• To differentiate among posts from the same person in the same year (or even the same day), you can include ”a” or “b” after the year, in chronological order. If you have only one post from the writer in a year, then it is not necessary to include “a” or “b.” 

  • I included the whole post in the title position (mine included a URL, so I included that too). Facebook updates, however, might be quite long—if that is the case, you might use a truncated version of the post in the title position. 

  • It’s helpful to provide a description of form inside brackets, such as Twitter post or Facebook update. 

  • The URL leads directly to the post rather than to the feed in general, in order to be as direct and specific as possible about what is being cited. Click the date and time stamp beneath the post in question (seen in the screenshots) and you will be taken to the individual status update page with its own URL.


For in-text citations, parenthetical citation may be easiest:

President Obama announced the launch of the American Graduation Initiative 
(BarackObama, 2009a). He also stated that he was “humbled” to have 
received the Nobel Peace Prize (Barack Obama, 2009b).

One last issue is retrievability. Because online social media are more about live updates than archiving, we don’t know if these status update pages will still be here in a year, or 5, or 20 years. So if you are writing for publication, it may be prudent to self-archive any social media updates you include in your articles (check out this post by Gunther Eysenbach on some ways to do this).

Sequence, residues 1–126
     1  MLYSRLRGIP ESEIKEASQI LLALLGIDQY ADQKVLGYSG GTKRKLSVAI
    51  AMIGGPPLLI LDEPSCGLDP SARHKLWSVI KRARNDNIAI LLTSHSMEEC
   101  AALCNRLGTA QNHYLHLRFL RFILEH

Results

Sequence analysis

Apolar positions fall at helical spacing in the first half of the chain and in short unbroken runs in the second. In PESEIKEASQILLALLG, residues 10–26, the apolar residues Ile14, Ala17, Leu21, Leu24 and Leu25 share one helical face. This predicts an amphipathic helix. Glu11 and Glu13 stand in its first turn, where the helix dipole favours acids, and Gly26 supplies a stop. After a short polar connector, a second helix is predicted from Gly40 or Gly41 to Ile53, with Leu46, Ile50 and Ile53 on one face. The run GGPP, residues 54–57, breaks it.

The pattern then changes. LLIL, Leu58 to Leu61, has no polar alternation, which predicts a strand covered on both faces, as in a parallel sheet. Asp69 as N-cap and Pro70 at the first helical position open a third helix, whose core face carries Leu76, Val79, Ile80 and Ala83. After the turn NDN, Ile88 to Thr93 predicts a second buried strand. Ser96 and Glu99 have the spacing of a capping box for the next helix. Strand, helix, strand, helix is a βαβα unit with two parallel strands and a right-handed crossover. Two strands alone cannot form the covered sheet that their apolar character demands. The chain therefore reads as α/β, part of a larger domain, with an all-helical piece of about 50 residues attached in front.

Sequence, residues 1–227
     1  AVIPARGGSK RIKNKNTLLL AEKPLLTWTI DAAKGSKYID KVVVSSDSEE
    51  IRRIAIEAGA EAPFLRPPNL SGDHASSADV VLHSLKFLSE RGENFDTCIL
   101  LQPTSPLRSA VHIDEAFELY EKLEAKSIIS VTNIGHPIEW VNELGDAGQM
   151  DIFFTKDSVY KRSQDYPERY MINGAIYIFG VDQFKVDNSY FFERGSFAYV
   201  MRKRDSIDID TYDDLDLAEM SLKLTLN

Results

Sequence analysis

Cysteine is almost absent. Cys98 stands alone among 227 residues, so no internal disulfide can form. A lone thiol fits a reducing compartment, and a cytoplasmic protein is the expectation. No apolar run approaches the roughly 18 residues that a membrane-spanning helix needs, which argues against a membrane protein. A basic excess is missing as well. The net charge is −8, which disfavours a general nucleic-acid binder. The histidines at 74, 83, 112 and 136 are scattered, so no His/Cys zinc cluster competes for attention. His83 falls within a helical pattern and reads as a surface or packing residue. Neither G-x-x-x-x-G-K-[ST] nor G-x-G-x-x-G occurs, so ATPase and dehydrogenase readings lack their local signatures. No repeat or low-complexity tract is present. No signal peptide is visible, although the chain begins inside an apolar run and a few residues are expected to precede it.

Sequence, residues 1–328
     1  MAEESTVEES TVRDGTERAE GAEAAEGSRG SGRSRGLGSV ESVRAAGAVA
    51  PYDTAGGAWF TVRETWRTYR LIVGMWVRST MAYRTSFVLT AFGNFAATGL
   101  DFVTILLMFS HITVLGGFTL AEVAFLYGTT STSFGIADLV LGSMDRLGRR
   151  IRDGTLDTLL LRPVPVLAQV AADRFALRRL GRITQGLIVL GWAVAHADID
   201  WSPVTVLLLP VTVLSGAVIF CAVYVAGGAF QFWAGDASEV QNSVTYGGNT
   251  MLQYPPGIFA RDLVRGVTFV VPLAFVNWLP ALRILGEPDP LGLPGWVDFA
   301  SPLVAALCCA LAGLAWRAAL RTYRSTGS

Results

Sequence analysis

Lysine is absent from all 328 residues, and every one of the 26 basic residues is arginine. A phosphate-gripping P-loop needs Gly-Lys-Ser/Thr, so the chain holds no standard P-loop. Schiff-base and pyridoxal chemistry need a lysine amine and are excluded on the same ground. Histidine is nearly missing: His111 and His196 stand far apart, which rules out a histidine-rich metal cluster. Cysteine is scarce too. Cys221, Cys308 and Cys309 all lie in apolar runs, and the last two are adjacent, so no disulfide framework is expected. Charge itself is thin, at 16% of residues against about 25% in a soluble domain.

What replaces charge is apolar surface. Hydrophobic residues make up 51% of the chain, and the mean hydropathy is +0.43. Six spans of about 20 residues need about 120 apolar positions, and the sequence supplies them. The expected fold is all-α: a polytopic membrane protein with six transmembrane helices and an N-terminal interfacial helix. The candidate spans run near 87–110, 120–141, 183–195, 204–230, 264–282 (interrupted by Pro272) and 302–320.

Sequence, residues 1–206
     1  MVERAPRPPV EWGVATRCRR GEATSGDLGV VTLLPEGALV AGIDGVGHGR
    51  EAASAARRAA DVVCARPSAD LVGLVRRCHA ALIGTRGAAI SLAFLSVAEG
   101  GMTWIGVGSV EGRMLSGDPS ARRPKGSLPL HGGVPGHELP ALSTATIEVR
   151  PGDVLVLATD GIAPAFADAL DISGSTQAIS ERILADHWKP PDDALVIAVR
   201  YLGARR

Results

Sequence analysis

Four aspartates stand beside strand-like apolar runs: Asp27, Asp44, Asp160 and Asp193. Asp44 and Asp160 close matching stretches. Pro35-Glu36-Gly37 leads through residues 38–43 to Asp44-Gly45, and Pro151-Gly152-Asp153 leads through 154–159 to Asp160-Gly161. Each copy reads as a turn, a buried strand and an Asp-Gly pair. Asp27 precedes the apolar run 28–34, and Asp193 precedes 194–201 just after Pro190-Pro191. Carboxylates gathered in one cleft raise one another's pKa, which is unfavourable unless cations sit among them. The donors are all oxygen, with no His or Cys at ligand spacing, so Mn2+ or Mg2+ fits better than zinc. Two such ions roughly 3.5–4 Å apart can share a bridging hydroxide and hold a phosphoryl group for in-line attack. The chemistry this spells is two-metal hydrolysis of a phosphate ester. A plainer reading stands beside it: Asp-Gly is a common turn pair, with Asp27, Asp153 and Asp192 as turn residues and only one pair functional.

What’s Next

I hope to bring you more in the future on citing social media posts, for example, citing hash-tagged conversationsalthough first we must figure out how to securely archive them (the adorably named Twapper Keeper might meet this need).

How have you addressed citing, archiving, and retrieving tweets and other social media posts in your field of expertise?

October 23, 2009

How to Cite Twitter and Facebook, Part I: General

[Note 10/18/2013: Please view an updated and expanded version of this post at http://blog.apastyle.org/apastyle/2013/10/how-to-cite-social-media-in-apa-style.html]

 

Chelsea blog by Chelsea Lee

Because posts from online social media, such as Twitter and Facebook, are not yet often fodder for scholarly research, specific reference examples aren’t included in the Publication Manual. Well, whenever you need a reference format for something that’s not explicitly covered in the manual, you can adapt our examples to meet your needs (see p. 193). I’ll show you how, using example posts from President Obama’s Facebook and Twitter pages.

To cite a Twitter or Facebook feed as a whole or to discuss it in general, it is sufficient to give the site URL in text, inside parentheses. There is no need for a reference list entry.           

President Obama uses Twitter (http://www.twitter.com/barackobama) and 
Facebook (http://www.facebook.com/barackobama) to keep citizens up 
to speed on his initiatives, especially health care reform and Supreme